Do you see new sports bettors profiles, demands, shifts between land-based and online, or even between different gambling verticals amid the pandemic? What trends and player behaviours have you seen in online casinos you operate? Have you seen an increased appetite from land-based operators to partner with Unibet, looking to boost their online offering?
The key difference between online and offline players is the way customers play – the online activity tends to be ‘snacking’ with shorter sessions, less rounds/events, quicker settlements (live betting, etc) while the retail session is longer, both for casino and sports betting, with customers playing more rounds, adding more events on their betting slip, etc. That is something key to consider when designing the products and the marketing activities around each vertical.
From an x-product activity perspective, we have seen a higher than usual x-sell to Casino during the pandemic – as expected. Both the lack of sports events as well as the closure of land-based casinos led to an impressive growth in iGaming in both New Jersey and Pennsylvania in Q2 and Q3. The positive learning is that after the reopening of brick & mortar casinos and restart of the sport season, we see the iGaming activity staying at high levels.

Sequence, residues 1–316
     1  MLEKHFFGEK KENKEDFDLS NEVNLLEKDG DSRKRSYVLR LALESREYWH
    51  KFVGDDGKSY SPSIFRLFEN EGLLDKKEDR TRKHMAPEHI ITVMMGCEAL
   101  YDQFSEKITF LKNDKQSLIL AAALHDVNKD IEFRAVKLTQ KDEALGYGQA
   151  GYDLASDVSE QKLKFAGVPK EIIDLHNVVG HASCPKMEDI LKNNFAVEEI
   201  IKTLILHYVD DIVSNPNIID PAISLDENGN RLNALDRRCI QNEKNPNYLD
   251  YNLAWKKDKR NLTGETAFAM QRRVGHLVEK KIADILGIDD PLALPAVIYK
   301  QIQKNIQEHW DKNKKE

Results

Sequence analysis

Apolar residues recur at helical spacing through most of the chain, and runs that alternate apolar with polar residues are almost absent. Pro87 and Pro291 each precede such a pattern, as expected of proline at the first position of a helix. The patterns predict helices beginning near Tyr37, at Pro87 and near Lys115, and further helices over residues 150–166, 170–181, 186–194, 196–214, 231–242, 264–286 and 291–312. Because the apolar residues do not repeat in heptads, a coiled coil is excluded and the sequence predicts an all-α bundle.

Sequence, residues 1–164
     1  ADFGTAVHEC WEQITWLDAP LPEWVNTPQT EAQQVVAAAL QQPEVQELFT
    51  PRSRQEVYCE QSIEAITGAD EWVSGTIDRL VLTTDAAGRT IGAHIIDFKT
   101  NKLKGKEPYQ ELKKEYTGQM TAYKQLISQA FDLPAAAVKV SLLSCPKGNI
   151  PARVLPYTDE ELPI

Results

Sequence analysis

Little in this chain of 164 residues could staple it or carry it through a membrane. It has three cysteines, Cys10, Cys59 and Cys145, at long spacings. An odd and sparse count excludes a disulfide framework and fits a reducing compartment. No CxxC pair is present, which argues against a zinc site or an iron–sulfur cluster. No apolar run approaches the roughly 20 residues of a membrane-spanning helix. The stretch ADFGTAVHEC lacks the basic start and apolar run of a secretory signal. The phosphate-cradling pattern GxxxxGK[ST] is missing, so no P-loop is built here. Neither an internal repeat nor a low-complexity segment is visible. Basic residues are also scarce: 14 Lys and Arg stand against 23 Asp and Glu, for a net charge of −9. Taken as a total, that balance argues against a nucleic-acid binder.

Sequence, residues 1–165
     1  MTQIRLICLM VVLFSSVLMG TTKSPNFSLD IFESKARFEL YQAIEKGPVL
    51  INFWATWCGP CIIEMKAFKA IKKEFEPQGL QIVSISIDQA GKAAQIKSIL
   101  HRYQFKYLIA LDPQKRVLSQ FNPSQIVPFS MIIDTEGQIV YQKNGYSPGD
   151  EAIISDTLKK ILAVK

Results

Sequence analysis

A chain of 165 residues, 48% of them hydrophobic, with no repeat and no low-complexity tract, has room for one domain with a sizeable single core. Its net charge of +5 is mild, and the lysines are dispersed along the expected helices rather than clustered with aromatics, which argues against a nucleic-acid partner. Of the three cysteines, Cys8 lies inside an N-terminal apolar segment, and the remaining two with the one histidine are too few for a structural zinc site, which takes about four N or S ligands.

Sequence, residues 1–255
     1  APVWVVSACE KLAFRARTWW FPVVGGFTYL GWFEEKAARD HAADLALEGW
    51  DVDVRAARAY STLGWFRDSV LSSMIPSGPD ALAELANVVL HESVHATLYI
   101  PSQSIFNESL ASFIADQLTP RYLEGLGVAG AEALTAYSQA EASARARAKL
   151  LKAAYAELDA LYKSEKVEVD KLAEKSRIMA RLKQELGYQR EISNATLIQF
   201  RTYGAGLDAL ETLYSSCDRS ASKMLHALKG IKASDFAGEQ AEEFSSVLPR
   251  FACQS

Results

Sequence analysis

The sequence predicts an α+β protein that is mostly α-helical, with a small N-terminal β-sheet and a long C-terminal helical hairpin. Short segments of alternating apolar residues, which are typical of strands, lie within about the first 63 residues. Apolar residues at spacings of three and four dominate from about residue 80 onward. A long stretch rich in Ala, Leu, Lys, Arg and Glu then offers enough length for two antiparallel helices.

We are now live in 3 States in the US (New Jersey via Hard Rock, Pennsylvania via Mohegan Sun and Indiana via Caesars), have announced 3 more state partnerships (Iowa via Caesars and Illinois and Ohio via Penn National Gaming), and have deals in place for conditional access in 5 other States. We are in a very good position from market access perspective and we keep working and developing strong relationships with land-based operators across the country.